Effective data cleansing is crucial for your business’ success! You must be on top of your data and ensure that it is accurate and up to date so that your business can make good decisions. If you don’t have good data hygiene, the insights you receive from that data will be flawed as well, leading to poor decision-making.
What is Data Cleansing?
Data cleansing is the process of fixing and removing incorrectly formatted, incomplete, inconsistent, inaccurate, and/or duplicate data from a dataset. This could be done simply to conduct proper data analysis and improve decision-making within your organization. Many companies regularly cleanse their data to improve their business operations. Data cleansing may also be done however, as a step within the software implementation process to prepare your data for the new system that your company is putting in place, such as an ERP system for example. Data cleansing is ultimately a vital step when conducting a data migration and cannot be ignored.
Garbage In, Garbage Out (GIGO)
The concept “garbage in, garbage out” refers to the fact that bad input will always result in bad output. This term originated in the field of computer science, referring to the fact that the results of a computer program are only as good as the data that the program is fed. If the input data is garbage, then the output data will be garbage as well no matter how good the computer program is. When it comes to data analysis, it doesn’t matter how good your reporting and analytics are if the data you are analyzing is flawed.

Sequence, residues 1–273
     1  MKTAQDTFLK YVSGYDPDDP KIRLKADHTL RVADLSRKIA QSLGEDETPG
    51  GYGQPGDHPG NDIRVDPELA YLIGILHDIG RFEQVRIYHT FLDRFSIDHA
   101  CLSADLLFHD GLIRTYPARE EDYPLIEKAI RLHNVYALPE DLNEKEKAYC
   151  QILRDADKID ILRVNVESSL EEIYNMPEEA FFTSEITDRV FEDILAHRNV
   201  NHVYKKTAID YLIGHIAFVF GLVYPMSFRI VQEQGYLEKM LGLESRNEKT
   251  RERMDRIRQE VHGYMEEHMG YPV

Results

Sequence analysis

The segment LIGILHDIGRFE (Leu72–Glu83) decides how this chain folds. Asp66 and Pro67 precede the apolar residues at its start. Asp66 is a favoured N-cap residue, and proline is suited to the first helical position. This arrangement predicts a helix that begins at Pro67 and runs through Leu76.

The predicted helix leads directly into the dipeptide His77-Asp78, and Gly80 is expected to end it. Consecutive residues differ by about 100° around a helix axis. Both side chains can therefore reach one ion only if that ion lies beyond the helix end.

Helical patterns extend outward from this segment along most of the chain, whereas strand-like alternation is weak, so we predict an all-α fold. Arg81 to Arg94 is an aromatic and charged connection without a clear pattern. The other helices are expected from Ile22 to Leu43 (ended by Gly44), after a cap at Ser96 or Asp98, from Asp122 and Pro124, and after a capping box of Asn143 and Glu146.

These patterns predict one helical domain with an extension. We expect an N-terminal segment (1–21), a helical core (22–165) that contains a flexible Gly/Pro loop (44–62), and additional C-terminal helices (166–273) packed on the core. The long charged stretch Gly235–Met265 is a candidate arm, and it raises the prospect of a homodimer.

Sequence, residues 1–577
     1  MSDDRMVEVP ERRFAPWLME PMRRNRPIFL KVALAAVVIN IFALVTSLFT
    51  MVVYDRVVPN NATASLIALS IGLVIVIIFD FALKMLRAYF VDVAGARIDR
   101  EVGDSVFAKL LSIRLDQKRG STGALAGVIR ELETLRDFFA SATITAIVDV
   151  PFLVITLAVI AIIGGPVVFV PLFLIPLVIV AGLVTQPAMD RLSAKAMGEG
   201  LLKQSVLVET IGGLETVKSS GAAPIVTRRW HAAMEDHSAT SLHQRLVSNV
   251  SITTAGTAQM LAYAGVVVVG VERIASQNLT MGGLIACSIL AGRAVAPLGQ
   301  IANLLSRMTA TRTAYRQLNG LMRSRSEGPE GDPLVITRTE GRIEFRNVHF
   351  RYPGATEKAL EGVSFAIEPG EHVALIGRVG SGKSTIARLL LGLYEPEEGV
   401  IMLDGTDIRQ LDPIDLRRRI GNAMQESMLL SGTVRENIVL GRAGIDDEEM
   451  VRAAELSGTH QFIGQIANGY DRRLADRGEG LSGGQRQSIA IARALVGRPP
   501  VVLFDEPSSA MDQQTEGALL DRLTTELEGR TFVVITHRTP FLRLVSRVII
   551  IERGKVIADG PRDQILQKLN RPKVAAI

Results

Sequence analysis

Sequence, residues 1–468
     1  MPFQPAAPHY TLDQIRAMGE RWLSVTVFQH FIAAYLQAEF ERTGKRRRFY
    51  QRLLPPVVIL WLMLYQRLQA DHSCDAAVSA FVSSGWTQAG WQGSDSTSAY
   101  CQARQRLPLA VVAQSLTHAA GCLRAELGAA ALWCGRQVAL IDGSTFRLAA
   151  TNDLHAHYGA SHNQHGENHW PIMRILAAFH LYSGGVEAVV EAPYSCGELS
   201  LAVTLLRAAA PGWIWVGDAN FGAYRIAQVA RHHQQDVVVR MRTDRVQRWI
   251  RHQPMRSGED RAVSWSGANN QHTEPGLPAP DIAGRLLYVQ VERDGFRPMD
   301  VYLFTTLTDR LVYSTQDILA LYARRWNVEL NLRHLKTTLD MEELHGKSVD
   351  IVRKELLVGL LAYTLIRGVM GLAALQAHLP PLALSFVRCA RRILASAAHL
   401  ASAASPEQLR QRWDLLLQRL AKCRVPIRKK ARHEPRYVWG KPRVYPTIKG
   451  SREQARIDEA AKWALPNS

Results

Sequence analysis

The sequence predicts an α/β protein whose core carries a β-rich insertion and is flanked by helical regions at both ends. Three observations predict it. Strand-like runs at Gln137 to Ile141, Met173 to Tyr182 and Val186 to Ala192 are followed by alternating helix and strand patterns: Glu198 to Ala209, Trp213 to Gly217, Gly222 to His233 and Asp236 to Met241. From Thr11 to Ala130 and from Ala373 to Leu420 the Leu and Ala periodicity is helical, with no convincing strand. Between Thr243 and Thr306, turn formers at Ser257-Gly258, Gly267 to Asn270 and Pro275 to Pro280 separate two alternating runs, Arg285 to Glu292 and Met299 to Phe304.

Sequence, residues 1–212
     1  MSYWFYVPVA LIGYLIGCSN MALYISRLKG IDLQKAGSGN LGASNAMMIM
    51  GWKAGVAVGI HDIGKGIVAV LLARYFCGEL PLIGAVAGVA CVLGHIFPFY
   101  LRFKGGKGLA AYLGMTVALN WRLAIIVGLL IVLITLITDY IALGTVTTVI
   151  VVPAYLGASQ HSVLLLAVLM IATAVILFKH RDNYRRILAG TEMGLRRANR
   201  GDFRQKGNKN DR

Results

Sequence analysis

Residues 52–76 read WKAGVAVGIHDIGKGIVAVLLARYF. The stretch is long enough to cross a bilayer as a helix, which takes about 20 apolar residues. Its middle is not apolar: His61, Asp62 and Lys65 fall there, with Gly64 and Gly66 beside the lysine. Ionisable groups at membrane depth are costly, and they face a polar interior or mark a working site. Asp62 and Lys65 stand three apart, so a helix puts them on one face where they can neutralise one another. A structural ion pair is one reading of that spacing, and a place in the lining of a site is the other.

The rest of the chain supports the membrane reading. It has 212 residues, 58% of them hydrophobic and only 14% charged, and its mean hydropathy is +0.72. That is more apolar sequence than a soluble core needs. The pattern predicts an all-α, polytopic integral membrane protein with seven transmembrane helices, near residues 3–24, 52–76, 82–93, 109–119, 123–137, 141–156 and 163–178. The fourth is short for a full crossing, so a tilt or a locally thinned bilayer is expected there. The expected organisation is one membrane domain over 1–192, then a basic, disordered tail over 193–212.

How is Data stored?
There are many ways that your business’ data can be stored depending on the size of your business and the systems you have in place. If you are a small business, you may store your data manually within spreadsheets either stored physically within filing cabinets or electronically on Excel documents. Otherwise, you might have multiple places where you store your data using a combination of software like QuickBooks, spreadsheets, and an inventory management system (etc). Then, if you are a growing business, you would use an all-in-one ERP system that helps you centralize all your data onto a single system.
Different Types of Data Errors
Outdated or Obsolete Data
This is data that’s not up-to-date or relevant. This could be information that is no longer in use and has been replaced with new information.
This is the absence of values within a data set. Missing data will disrupt your data analysis as you won’t have a complete set of data to work with.
This is when two or more identical records of data exist. Duplicate data makes it difficult to determine which record is correct and leads to inaccurate insights.
Inaccurate data inputs are probably the most common type of data error. Inaccurate data occurs even with small mistakes and typos or putting decimals in the wrong place for example.
Incorrect Data Formatting
When you enter the correct information in the wrong column or field, you have what’s known as a formatting error. These types of errors are especially difficult for your staff or systems to catch.
Characteristics of Good Quality Data